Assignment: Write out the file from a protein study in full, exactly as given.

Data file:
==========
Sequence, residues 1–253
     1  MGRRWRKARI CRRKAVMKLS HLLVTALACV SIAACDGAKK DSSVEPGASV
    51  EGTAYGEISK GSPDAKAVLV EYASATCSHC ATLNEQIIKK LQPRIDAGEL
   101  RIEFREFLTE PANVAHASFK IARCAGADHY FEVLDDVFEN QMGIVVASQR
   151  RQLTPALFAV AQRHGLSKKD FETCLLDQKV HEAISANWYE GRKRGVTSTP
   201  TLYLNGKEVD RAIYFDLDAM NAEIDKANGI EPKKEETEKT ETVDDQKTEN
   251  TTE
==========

Sequence, residues 1–253
     1  MGRRWRKARI CRRKAVMKLS HLLVTALACV SIAACDGAKK DSSVEPGASV
    51  EGTAYGEISK GSPDAKAVLV EYASATCSHC ATLNEQIIKK LQPRIDAGEL
   101  RIEFREFLTE PANVAHASFK IARCAGADHY FEVLDDVFEN QMGIVVASQR
   151  RQLTPALFAV AQRHGLSKKD FETCLLDQKV HEAISANWYE GRKRGVTSTP
   201  TLYLNGKEVD RAIYFDLDAM NAEIDKANGI EPKKEETEKT ETVDDQKTEN
   251  TTE